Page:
Priti Patel: Rwanda asylum scheme critics 'fail to offer their own solutions'
More than 160 organisations have condemned the plan
Sending asylum seekers from the UK to Rwanda will "set a new international standard", Home Secretary Priti Patel claims.
Writing in The Times with Rwandan foreign minister Vincent Biruta, Patel said critics of the government's controversial plan "fail to offer their own solutions" to the issue of illegal migration.
The Archbishop of Canterbury, Justin Welby, is amongst those to speak out against the plan, which aims to deter irregular Channel crossings to the UK. On Easter Sunday, he said "subcontracting our responsibilities" cannot "stand the judgement of God".
But Patel and Biruti said: "We are taking bold and innovative steps and it's surprising that those institutions that criticise the plans fail to offer their own solutions."
The politicians said people traffickers "play on the hopes of economic migrants, pushing them to make dangerous journeys because they can claim asylum if they make it". The UK and Rwanda, they said, "are determined to work together to tackle this pressing issue" because "the human costs are simply too high".
In an open letter, more than 160 third-sector groups from Bond, the UK network for NGOs, called the scheme "shamefully cruel" and Refugee Council chief executive Enver Solomon said it would "do little" to deter people from travelling to the UK.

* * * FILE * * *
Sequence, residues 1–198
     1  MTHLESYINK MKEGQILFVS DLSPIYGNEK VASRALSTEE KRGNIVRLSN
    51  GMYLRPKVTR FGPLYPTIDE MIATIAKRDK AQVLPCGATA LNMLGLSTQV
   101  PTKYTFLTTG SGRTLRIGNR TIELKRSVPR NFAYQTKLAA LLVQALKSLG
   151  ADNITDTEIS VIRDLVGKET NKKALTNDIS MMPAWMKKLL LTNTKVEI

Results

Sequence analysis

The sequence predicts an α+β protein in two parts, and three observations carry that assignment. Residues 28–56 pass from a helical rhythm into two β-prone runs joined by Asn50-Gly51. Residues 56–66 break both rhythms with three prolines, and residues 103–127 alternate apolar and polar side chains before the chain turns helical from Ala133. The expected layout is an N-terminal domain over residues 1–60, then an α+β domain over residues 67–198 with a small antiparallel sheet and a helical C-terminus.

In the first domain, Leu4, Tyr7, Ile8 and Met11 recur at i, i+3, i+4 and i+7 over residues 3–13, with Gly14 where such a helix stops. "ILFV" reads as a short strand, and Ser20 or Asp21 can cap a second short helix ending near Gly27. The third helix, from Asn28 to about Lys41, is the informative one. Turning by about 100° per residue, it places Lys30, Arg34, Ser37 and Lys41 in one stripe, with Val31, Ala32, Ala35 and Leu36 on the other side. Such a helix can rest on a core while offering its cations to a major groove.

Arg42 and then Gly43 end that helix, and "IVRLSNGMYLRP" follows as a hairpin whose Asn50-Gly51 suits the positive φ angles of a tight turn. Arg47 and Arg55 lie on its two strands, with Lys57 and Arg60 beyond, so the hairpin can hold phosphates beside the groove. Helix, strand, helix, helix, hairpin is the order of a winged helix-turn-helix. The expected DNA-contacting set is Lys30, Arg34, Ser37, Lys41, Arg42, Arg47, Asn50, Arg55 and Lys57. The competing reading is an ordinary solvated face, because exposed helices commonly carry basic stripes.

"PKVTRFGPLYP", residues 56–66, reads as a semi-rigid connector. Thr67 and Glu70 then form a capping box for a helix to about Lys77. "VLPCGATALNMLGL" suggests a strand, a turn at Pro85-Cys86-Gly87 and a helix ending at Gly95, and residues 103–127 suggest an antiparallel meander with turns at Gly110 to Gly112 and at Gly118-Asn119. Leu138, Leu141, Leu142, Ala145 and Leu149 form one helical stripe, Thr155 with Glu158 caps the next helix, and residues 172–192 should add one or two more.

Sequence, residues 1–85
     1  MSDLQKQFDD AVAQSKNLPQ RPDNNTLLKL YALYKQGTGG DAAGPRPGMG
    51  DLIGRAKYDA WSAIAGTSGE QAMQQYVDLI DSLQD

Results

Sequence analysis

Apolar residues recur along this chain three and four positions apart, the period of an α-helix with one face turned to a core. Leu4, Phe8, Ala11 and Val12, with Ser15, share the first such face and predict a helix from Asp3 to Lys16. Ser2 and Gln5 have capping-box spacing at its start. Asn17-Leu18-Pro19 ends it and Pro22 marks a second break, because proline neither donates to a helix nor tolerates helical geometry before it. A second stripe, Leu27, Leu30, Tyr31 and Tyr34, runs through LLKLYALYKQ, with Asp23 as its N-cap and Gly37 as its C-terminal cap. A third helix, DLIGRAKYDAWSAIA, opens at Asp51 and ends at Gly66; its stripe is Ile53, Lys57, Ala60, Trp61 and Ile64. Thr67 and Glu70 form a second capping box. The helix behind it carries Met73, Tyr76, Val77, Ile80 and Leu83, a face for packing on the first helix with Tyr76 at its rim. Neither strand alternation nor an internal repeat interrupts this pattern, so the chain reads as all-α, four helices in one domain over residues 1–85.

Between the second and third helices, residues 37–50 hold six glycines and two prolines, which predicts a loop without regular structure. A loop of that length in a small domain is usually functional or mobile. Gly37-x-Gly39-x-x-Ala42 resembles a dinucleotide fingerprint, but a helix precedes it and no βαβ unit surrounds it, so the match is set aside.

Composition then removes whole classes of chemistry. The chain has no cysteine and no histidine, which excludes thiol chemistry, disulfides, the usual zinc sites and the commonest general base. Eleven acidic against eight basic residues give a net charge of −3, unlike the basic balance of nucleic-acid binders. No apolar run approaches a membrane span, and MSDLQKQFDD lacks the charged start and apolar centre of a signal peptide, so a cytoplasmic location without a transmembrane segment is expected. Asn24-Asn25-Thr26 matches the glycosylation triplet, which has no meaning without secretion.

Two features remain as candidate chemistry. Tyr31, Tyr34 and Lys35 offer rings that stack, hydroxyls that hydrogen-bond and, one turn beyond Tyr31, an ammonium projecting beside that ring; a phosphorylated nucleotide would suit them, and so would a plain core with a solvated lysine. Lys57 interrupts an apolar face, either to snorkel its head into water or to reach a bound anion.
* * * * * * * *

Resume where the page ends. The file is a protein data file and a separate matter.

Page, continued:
Both First Minister Nicola Sturgeon and Labour leader Keir Starmer have accused the government of deploying the scheme to distract the public from the Prime Minister's partygate fine.
Under the £120m plan, asylum seekers found to have entered the UK without prior permission will be taken to Rwanda. Once there, they can apply for refugee status. However, concerns have been raised about Rwanda's human rights record. The UK raised concerns about claims of extrajudicial killings, torture and disappearances there at the UN last year. It called for "transparent, credible and independent investigations" into these allegations and called for journalists to be able to "work freely, without fear of retribution" and for support to be given to trafficking victims "including those held in government transit centres".
Last year around 28,500 people crossed the Channel in small boats, a figure that marks an increase of 20,000 since 2020. Asylum applications were approved for around 65 per cent of people at the initial decision. More were granted after appeal.
"Tens of thousands of people" could be resettled in Rwanda under the scheme in the coming years, Boris Johnson has said. However, the number of people who can be sent there will be "unlimited".